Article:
- The two outer bars were a pair, and the two inner bars were a pair. In this case, we had |−1·2−3| = |−2−3| = |−5| = 5.

That was all well and good. But instead of analyzing just two cases, you had to find how many different values the expression |−1|−2|−3|−4|−5|−6|−7|−8|−9| could have. Yikes!

As you might have expected, some solvers used pencil and paper, while others turned to their computers. While this riddle seemed imposing, pencil and paper did an excellent job at providing an *upper bound* for the answer.

For the expression |−1|−2|−3|, there were *two* ways to pair the absolute value bars, and it turned out there were *two* possible values — one for each pairing. Similarly, finding the total number of ways to pair the absolute value bars in the expression |−1|−2|−3|−4|−5|−6|−7|−8|−9| gives us all possible values for the expression. (However, not all of these values may be *unique* — some may be duplicates of each other. But we can cross that bridge when we get to it … in a few paragraphs).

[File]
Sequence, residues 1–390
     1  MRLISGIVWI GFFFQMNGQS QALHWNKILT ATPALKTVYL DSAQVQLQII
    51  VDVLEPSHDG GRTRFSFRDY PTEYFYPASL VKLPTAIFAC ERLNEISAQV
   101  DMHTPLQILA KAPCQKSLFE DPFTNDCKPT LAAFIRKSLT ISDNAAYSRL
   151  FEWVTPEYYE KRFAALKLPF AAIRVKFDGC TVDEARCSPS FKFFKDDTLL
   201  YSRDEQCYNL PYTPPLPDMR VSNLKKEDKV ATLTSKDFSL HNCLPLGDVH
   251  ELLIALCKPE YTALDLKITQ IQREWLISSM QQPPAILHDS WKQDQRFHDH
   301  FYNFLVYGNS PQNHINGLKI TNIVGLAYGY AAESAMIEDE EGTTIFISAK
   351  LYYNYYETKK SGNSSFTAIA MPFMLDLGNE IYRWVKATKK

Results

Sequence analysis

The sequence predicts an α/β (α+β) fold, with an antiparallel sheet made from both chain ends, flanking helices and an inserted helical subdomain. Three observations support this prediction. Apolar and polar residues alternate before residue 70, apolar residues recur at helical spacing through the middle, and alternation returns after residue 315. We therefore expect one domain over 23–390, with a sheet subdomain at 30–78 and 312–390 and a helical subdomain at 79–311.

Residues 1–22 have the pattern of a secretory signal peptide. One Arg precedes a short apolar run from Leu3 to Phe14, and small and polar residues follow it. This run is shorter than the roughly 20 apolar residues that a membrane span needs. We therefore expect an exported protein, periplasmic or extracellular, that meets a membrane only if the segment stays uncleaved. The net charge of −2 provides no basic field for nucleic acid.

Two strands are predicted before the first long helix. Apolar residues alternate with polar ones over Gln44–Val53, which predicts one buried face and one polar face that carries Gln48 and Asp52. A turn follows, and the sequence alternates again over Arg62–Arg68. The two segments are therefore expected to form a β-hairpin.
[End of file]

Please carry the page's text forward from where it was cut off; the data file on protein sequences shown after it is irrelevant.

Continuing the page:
To count up the number of pairings of absolute value bars, we could imagine each pair consisting of an “open” bar and a “close” bar — just like parentheses. In other words, the number of pairings of the 10 bars in |−1|−2|−3|−4|−5|−6|−7|−8|−9| was the same as the number of ways to write out five pairs of — or 10 total — parentheses. Many solvers pointed out that this related problem is quite famous. Given *N* pairs of parentheses, the total number of valid sequences is known as the *N*^{th} Catalan number.

Catalan numbers show up all over the place in discrete mathematics and combinatorics. Don’t believe me? Well, try figuring out how many ways you can divide up a convex polygon into non-overlapping triangles by connecting the polygon’s internal diagonals. Go ahead, I’ll wait. What’s that? The answer turns out to be a Catalan number? You don’t say.